Social workers were among the child welfare specialists invited to testify at a U.S. House of Representatives hearing in February on ways to improve America's child welfare system.
Rep. Jim McDermott (D-Wash.), chairman of the Subcommittee on Income Security and Family Support, called the hearing to review legislative proposals. "We have no greater responsibility than ensuring the well-being of America's most vulnerable children," McDermott said in a statement. He recently introduced the Invest in Kids Act (H.R. 5466). The proposed legislation would:
- Create a new federal-state partnership to provide services aimed at reducing the need for foster care.
- Ensure federal foster care assistance for every child in need of care.
- Support a qualified child welfare workforce.
- Connect foster children to support, family, health care and school through such policies as allowing federal foster care coverage to continue until age 21, providing federal guardianship payments for relatives caring for children removed from their homes and requiring improved oversight of the health care and education needs of foster children.
Among the social workers who submitted testimony at the hearing were Terry Cross, director of the National Indian Child Welfare Association; Ken Deibert, deputy director of the Arizona Department of Economic Security's Children, Youth and Family Services; MaryLee Allen, director of child welfare and mental health at the Children's Defense Fund; and Khatib Waheed, senior fellow at the Center for the Study of Social Policy.
A highlight of the bill is its link to NASW's Social Work Reinvestment Initiative and the Dorothy I. Height and Whitney M. Young, Jr., Social Work Reinvestment Act [see related story]. In the Invest in Kids Act, there are provisions supporting quality front-line workers and in particular calling for child welfare service quality-improvement grants to states to increase the quality and capacity of their child welfare workforces.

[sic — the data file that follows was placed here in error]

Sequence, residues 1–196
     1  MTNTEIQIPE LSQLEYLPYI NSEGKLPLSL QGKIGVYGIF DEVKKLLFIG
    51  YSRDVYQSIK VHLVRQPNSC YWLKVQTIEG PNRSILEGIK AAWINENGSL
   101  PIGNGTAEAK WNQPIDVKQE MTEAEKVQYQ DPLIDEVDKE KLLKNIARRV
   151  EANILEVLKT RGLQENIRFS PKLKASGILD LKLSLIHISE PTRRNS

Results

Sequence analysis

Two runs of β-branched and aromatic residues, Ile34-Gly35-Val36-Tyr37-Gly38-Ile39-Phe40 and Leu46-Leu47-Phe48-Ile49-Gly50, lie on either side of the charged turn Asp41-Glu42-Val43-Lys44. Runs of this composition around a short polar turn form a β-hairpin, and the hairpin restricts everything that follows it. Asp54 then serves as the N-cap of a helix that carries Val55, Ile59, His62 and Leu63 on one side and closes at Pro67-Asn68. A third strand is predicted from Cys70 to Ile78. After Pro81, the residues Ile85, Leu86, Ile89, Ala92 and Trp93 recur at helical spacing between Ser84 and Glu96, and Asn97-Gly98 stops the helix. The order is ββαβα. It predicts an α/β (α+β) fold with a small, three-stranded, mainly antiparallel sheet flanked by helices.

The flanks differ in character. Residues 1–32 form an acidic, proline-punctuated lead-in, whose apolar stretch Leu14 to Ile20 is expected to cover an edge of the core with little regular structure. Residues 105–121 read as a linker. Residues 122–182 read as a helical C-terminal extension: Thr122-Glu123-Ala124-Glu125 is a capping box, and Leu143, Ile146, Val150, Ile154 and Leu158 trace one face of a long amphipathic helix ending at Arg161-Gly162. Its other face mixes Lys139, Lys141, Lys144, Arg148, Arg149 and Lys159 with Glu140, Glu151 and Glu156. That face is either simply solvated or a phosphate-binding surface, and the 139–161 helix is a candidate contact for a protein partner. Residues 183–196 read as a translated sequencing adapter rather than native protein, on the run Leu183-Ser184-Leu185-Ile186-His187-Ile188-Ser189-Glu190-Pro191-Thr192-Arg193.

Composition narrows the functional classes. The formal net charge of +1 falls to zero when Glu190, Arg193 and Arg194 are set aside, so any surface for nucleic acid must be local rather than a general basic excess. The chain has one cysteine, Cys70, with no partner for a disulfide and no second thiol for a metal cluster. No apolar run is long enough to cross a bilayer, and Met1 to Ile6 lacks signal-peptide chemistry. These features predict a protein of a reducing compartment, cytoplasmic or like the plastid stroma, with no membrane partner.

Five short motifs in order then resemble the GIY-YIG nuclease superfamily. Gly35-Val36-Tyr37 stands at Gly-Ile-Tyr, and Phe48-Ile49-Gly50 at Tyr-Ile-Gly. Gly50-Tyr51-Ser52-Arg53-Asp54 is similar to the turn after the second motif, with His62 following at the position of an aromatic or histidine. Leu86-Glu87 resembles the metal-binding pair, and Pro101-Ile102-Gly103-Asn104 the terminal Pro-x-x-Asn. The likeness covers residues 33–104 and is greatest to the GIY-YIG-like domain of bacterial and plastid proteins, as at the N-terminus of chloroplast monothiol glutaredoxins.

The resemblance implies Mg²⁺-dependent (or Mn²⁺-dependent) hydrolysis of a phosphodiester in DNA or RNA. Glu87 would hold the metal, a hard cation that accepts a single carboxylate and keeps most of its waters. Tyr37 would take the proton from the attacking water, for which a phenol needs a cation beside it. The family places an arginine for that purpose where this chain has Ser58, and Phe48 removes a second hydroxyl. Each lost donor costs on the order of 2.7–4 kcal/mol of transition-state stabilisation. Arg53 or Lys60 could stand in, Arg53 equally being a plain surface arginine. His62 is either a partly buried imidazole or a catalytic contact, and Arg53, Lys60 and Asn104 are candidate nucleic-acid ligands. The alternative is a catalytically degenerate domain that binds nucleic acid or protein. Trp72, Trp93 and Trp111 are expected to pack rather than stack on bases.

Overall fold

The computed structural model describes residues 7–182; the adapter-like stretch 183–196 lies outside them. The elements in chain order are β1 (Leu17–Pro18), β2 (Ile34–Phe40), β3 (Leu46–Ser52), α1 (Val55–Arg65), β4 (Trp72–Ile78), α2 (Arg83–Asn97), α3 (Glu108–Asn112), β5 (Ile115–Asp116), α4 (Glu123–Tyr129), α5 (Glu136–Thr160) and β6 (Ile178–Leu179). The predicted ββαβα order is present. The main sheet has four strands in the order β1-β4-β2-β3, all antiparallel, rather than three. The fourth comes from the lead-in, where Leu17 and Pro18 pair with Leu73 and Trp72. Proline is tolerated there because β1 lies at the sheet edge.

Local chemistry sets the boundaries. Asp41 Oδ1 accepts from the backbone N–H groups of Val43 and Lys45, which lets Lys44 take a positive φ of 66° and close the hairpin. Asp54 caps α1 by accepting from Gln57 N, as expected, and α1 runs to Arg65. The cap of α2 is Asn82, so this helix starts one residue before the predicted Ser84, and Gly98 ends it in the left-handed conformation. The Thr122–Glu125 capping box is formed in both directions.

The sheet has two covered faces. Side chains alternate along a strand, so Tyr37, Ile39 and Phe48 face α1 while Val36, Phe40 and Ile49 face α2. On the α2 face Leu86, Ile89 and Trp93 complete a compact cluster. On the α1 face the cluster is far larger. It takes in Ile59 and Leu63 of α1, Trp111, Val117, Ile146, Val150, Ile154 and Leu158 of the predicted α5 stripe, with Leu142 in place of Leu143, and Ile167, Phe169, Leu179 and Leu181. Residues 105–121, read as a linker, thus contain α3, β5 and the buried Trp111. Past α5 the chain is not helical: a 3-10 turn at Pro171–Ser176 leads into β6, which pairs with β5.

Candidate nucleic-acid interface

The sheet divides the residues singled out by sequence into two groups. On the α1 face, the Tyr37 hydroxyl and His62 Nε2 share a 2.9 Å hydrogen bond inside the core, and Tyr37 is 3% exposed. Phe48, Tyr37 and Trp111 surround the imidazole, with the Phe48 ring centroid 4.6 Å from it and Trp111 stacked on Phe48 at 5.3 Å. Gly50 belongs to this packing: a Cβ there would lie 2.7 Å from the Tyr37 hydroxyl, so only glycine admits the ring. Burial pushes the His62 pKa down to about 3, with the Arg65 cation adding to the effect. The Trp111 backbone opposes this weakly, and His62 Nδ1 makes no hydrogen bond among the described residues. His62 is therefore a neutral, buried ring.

NASW national office intern Eric Gordon attended the hearing. He said another important aspect of the Invest in Kids Act is that it includes the Kinship Caregiver Support Act (H.R. 2188). This bill would amend Part E (Federal Payments for Foster Care and Adoption Assistance) of Title IV of the Social Security Act to authorize all states to opt to enter agreements to provide kinship guardianship assistance payments on behalf of children to grandparents and other relatives who have assumed legal guardianship of children for whom they have cared as foster parents and have committed to care for on a permanent basis.
Gordon said there was also strong support to extend the subsidized guardianship and foster care age to 21. Allen from the Children's Defense Fund stated the provision would allow states to receive continuing federal support when they extend foster care until age 21 for youth who would otherwise "age out" of the system at 18. "Research by the Chapin Hall Center for Children at the University of Chicago has documented the increased benefits to young people who stay in care longer and reinforced the importance of helping states to extend care for these youth," Allen said.
At press time, H.R. 5466 remained in committee. NASW Senior Government Relations Associate Nancy McFall Jean said NASW will monitor its progress.